Whenever we’re learning something new, we are faced with a learning curve.
In order to improve, we must first admit that we don't already know everything there is to know about a particular subject. This may seem obvious, but often when we achieve a level of mastery in something, it can be challenging to go back and embrace the beginner's mindset, especially when new skills require us to abandon the old skills that worked for us in the past. This is why true masters are humble: They know there's always more to learn and room to improve.
I believe that in a hundred years we will look at the way we currently build software and laugh. We’ll look at today’s programmers the way we now look at witch doctors: They meant well, but they had no idea what the real cause of disease was, so they couldn't effectively treat it. We mean well, but we really don't understand the true nature of software yet. And that's no wonder, because software is so radically different from everything else in the world. We’re still figuring out how to build it effectively.
Regardless of how effective a new practice is, there's usually still a learning curve involved. Extra effort is required during this learning curve, if only to consider whether applying a practice will be beneficial. The idea is that this extra effort will pay off when we make the practice something that we do all the time.
You were not born with the ability to walk. It took time and effort to learn. You probably don't remember, but I'll bet you fell down more than a few times. That did not daunt you. Walking took more effort than crawling at first, but you didn't give up, and today you reap the benefit of this new skill all the time.
We all have to go through the learning curve, and as we do, we get better at whatever it is we're learning about. In software development, we're constantly learning new skills because we have to. Technology and its associated best practices are constantly changing, but this is a good thing—it means our industry is evolving quickly.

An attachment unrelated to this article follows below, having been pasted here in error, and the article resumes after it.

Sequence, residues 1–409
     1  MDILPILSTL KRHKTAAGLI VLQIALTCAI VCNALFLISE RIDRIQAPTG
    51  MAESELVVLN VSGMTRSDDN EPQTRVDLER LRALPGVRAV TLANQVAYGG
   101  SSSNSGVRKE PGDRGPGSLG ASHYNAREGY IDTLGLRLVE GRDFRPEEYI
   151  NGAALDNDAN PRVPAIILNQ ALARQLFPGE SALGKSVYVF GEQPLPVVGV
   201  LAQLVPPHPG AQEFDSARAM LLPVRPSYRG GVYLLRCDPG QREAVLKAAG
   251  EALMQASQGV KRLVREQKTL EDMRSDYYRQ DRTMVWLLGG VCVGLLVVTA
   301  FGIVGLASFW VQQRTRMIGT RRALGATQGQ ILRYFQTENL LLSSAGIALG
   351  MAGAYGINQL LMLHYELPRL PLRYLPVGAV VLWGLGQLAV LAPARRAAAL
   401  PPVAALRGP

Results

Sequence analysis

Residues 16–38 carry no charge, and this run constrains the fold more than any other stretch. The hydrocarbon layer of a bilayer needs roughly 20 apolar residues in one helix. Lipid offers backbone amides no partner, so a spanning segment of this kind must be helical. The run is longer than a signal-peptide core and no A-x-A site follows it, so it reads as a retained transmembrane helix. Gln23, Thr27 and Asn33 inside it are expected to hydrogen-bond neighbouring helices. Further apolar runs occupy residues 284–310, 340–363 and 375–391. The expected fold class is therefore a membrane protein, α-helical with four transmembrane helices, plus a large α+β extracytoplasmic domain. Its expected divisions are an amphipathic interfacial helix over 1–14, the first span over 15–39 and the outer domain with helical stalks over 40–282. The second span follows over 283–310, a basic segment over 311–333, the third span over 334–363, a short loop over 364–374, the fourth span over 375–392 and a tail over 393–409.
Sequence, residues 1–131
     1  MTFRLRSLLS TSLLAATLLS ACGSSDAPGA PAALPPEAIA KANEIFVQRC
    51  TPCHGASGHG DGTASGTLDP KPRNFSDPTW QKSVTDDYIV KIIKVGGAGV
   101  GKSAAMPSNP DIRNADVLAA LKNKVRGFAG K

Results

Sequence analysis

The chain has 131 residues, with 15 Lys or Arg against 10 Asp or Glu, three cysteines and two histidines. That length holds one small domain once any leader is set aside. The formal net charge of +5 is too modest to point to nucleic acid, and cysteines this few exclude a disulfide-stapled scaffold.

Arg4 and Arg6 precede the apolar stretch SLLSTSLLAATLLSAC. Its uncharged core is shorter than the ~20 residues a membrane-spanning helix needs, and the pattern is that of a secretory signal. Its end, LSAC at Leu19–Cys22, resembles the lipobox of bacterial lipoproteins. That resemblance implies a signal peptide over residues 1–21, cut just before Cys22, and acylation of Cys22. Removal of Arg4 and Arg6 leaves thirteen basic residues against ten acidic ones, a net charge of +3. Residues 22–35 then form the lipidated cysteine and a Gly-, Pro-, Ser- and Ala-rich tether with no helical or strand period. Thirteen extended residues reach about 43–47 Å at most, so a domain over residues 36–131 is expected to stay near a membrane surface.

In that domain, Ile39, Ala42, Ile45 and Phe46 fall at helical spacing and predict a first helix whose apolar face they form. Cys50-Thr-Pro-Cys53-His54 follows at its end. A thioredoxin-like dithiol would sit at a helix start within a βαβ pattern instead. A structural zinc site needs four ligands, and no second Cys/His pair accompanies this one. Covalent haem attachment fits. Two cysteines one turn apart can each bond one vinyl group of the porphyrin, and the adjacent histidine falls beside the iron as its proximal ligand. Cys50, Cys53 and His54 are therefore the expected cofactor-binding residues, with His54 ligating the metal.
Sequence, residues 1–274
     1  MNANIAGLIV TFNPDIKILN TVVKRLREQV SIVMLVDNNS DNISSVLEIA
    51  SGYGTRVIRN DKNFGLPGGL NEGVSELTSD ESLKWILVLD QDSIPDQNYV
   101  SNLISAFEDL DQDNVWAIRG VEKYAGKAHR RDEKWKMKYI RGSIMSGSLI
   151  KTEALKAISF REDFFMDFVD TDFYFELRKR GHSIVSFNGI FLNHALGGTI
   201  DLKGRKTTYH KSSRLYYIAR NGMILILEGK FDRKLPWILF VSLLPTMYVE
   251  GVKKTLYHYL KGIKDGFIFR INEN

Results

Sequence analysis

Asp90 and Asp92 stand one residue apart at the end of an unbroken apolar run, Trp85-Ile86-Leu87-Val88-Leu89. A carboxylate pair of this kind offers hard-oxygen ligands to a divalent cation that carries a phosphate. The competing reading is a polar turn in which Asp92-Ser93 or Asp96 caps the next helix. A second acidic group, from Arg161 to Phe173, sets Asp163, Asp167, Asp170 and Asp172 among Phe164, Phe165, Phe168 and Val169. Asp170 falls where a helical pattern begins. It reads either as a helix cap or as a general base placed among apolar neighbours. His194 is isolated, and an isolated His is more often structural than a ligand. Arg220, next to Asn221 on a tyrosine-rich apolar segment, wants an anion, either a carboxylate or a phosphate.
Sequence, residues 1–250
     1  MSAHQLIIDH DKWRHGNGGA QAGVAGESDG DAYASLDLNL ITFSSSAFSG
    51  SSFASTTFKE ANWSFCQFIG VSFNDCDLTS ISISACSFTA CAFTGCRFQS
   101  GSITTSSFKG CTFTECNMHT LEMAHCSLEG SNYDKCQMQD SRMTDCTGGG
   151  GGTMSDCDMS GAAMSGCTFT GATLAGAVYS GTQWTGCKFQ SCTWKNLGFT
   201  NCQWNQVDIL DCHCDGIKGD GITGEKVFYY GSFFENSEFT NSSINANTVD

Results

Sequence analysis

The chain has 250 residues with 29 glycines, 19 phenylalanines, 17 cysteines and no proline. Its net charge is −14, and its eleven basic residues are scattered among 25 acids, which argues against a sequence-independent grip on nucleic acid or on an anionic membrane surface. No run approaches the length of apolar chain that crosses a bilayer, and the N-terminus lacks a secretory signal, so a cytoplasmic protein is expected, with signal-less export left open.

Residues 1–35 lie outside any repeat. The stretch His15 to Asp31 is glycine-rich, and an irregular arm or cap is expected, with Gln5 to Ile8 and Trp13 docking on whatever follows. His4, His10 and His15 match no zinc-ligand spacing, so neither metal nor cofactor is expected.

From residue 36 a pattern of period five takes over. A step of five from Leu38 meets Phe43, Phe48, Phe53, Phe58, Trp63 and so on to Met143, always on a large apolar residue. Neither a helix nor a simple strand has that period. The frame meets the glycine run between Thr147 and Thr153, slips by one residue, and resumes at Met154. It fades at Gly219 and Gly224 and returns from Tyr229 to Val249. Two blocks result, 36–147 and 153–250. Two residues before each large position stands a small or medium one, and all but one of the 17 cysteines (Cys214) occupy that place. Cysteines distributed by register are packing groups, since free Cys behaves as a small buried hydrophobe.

It also means we are constantly on the learning curve. Most people stop learning at an accelerated rate when they get out of school, but in software development, we are constantly learning. Personally, this is one of the things that attracts me the most to the field of software. I love learning new things, and there's no shortage here.
After awhile you get used to learning new things, and it becomes far less difficult—and maybe even pleasurable. Learning new things also means that we're keeping our minds active, and just like with exercising a muscle, if you don't use your brain power, you begin to lose it. Writing software as you get older is like learning a foreign language. It stimulates neural activity and keeps your mind sharp and alert.
However, constantly learning can be a challenge for software developers because we're expected to produce software on the job, so often learning has to happen on our own time.
Twenty years ago, there were not a lot of good books on software development. Today, it's a different story. There are many vitally important books that developers should read and understand. Yes, there are books on frameworks and languages, but there are also now books on development methodologies and approaches to problem-solving in software that I think are vitally important for professional software developers to read.
Some of my favorite books for software development are Refactoring: Improving the Design of Existing Code, by Martin Fowler; Design Patterns Explained: A New Perspective on Object-Oriented Design, second edition, by Alan Shalloway and James R. Trott; Working Effectively with Legacy Code, by Michael C. Feathers; and my own book, Beyond Legacy Code: Nine Practices to Extend the Life (and Value) of Your Software.
These books focus on the core practices of professional software development to help us understand the guiding principles that drive us to create high-quality, maintainable code. Sadly, the vast majority of books published about the field of software development are beginner books, which is a real shame because our industry is full of professionals who need and want to be constantly learning.
Still, books can only get you so far. Learning software development from a book is like trying to learn brain surgery from a book. You can get grounded in theory, but in order to actually do it well, you have to practice it.
So, here's the secret to becoming a master in any subject: Allow yourself to be a beginner and constantly learn, read, and practice.